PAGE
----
Thursday, July 26, 2007

Thought it was time for me to share.

In our meeting Clay, you said that you and Isaac wanted to do something different, so I have been trying to ignore the stage directions (thinking of them as suggestions, not absolutes), and this is where I am right now:

My main concept is the fragile nature of beauty, that something can look beautiful and in reality be something horrific. The idea of the beautiful painted tapestries for the sets, which are the fuel for the pyre, the gorgeous theatre which was built so poorly that it became the coffin for 72 people that night.

I would like the victims of the fire to show they were victims – I would like them to be burnt. Makeup distorting their appearances, nothing too graphic or haunted house cheesy, a light hand will be needed to create a subtle but terrifying image. This is a fine line I realize, I definitely don’t want to “hit the audience over the head” with this, I just don’t want them to forget that these people were burned alive.

In our meeting Clay, you mentioned you wanted the audience to be aware of themselves and their environment, to re-evaluate their surroundings, wonder about and question their safety and security. I think the way I can do this is by showing the effects the fire and smoke would’ve had on the clothing and the bodies.

I like the idea that Clay mentioned, that this is the story the ghosts tell to themselves when everyone else goes home and I would like the clothing to reflect this. This means period clothing for everyone, and they should all show signs of wear, especially for the victims.
I love the idea that the clothing looks like it is dry rotting on the actors, it would be a challenge to create this look without the clothing actually falling apart – I realize it does have to last the run of the show. :)

The fabric used in this period really lends itself to the phantasmic and spectral aspects of the show. It was mostly lightweight muslins and linens, with layers of semi-sheer fabrics. I want the dresses to be lightweight and ethereal, cobweb like. I dont want them to be heavy or too costumey.

I have a few logistical questions. Knowing these will really help me in fleshing everything out. Will we see the parents, or are they just voices off stage? I also would like to know if we have an actor for the role of carpenter, since no one was cast for it, also, are children in the show (there should be 3) or are the roles of the children played by the actors? I also have questions about the bleeding nun, how is that going to be staged?? I would also like to know if there is an intermission planned.

Here are a few of the images that I’ve collected:

I love the melty - burning feeling of this painting by Leonor Fini.
Here are two burned/melted faces, the first is from Frances Bacon Head and the second didnt have the artist listed. They are obviously too dramatic - but both are compelling.

This photo of a clematis by Joyce Tenneson really evokes the "cobweb like" feeling i would like to achieve. The second photo is also by Joyce Tenneson and the ethereal feeling is so strong, and i love the way the gauze wrap is so delicate and also shows what i mean by "cobweb like".Thats all for now.

Tuesday, July 17, 2007

first model pics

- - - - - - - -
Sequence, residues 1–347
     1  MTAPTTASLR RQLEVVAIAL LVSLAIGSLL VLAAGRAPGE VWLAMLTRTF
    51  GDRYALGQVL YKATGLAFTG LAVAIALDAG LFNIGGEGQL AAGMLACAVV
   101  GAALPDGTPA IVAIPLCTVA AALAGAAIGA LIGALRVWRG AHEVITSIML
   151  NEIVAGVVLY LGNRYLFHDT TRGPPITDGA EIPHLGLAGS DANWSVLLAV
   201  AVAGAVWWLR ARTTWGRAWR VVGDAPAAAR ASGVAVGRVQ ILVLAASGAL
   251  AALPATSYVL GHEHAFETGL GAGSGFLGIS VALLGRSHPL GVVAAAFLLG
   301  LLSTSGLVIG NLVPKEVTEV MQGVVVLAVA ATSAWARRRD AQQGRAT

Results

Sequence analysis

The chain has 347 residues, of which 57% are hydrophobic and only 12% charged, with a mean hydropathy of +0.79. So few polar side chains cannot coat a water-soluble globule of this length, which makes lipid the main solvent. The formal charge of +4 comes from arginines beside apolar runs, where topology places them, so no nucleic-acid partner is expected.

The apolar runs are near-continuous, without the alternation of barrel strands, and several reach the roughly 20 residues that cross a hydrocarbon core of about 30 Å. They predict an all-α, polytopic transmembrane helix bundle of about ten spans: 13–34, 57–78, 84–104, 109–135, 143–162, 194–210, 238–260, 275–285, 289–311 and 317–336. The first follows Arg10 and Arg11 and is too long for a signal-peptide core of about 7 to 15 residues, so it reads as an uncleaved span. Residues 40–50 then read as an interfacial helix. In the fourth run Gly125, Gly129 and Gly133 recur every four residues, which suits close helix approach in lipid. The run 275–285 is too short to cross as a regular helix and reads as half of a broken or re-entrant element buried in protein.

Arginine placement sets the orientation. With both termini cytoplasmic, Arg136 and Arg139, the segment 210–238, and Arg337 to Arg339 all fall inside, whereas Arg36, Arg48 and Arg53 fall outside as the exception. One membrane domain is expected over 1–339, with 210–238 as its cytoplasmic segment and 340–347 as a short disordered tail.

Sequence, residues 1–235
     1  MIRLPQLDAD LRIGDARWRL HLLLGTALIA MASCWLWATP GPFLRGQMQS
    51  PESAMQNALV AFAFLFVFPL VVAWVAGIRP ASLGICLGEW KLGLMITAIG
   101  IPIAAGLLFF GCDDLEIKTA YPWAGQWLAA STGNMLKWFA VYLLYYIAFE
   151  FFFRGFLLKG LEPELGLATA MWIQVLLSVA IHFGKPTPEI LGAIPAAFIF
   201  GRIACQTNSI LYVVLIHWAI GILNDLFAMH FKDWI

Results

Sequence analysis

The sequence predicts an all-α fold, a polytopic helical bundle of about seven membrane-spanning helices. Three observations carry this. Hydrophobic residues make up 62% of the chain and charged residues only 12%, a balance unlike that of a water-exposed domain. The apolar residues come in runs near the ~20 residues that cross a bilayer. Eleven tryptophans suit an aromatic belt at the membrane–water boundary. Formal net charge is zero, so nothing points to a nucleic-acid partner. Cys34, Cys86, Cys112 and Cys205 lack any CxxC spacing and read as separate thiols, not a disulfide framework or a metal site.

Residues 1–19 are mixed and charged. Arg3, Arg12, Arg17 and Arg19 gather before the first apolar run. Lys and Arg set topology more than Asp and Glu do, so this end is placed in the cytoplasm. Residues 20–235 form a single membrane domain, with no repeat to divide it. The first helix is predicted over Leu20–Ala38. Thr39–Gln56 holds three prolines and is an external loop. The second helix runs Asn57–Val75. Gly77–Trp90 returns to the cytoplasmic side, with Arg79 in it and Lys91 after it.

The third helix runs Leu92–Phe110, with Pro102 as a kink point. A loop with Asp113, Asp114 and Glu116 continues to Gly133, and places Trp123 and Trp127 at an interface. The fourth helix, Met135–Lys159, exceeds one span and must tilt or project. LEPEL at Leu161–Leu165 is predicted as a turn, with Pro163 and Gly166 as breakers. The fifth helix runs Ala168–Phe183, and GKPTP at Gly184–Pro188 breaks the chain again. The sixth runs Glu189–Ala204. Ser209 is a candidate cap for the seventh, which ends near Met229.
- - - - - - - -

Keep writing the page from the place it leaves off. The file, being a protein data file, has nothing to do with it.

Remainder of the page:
hey all
heres my model, damn near anything on it is negotiable as far as colors concerning lights costumes and of course the directors. just throwing this out there, id love to hear comments and concerns. my dead line is incredibly close though, so please let me know some time soon, the long er i hold up tim the more pouty he will be. and rightfully so

Friday, June 29, 2007

hey issac, im really sorry i havent gotten back to you, my phone is completley trashed. i will have to find eric and see if he has your number, if not is there a way that you could more securely transfer that information. sorry for this confusion, i promise i have not just been ignoring you


Monday, June 18, 2007

a random thought

i dont know EXACTLY how well this willl work but i have an interesting idea. using a fog machine (not haze) placed underneath the deck, and a rosco image-projector, i beleive that we could project an image onto a plume of smoke. this would give the effect that an apparition is seemingly appearing out of nowhere.

inspiration came from Richter's "perfect medium" in which he captures spirits unseen by the naked eye on film. you can see a compilation of pictures above

any thoughts on when this plan could be best executed within the script Isaac? i could take a picture of one of the actors in a costume, then edit the photo on my computer, print a slide of it and project the image in its exact form onto the plume of fog. what do you think? this would need to be planned in advance. unfortunatly i can not garantee sucess in the project, yet i do feel optimistic.

above is the actual projector. it slides directly into a lighting instrument similar to a gobo (therefore is very versitle in location thoughout the theatre).

Monday, June 11, 2007


Apologies for the rare posts.

Thank you for all of the inspiration buddy! i really enjoy looking at the work of Gerhard Richter and "the perfect medium" and his blurred photo paintings. as the LD i do beleive that i can begin to capture some of this effect with some sort of diffused haze and tight "cool/bright" specials encased in a warm "bubble". a key element in getting this effect comes with the actual tone of the actor or costume. if you notice in the above painting by richter the character is very pale and in so illuminating more so. is there a way to make an actor reflective is this regard, yet still dull and dead?

my hope is to have the haze exhaust from under the prososed planking allowing the aura to build around the actor out, rather than from the instrument out. does this make sense? the sepia-tone should be no problem to acheive with gel. maybe a tea-stained-like style could be applied to other mediums.

in order to capture the feel of theatre in this era i hope to have gas-colored footlighting. this color with possible mixing could really add interesting angles.

a thought i had is to project through the planking of the set or with the footlights the shadows of the actors onto the back wall. i think this effect with give the actor a greater pressence in the space. a pressence not possible by a mortal but maybe by a spirit or ghost.

please excuse the lack of clarity i thought i should purge ideas onto the blog after a long day. response more than welcomed.

Friday, May 18, 2007

Nice to Get Started

Hey everyone,